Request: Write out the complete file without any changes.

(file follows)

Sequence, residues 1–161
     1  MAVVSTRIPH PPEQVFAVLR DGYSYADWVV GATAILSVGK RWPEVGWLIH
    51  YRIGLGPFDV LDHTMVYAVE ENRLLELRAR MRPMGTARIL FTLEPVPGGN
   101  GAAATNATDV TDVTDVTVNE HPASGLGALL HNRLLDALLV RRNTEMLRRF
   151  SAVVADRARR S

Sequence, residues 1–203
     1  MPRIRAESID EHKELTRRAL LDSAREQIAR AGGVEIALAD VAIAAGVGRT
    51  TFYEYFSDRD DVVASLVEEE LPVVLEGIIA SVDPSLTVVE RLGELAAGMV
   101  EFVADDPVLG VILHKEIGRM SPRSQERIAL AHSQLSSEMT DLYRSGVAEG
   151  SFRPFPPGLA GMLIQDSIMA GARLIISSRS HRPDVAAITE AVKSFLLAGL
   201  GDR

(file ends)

Sequence, residues 1–161
     1  MAVVSTRIPH PPEQVFAVLR DGYSYADWVV GATAILSVGK RWPEVGWLIH
    51  YRIGLGPFDV LDHTMVYAVE ENRLLELRAR MRPMGTARIL FTLEPVPGGN
   101  GAAATNATDV TDVTDVTVNE HPASGLGALL HNRLLDALLV RRNTEMLRRF
   151  SAVVADRARR S

Sequence, residues 1–203
     1  MPRIRAESID EHKELTRRAL LDSAREQIAR AGGVEIALAD VAIAAGVGRT
    51  TFYEYFSDRD DVVASLVEEE LPVVLEGIIA SVDPSLTVVE RLGELAAGMV
   101  EFVADDPVLG VILHKEIGRM SPRSQERIAL AHSQLSSEMT DLYRSGVAEG
   151  SFRPFPPGLA GMLIQDSIMA GARLIISSRS HRPDVAAITE AVKSFLLAGL
   201  GDR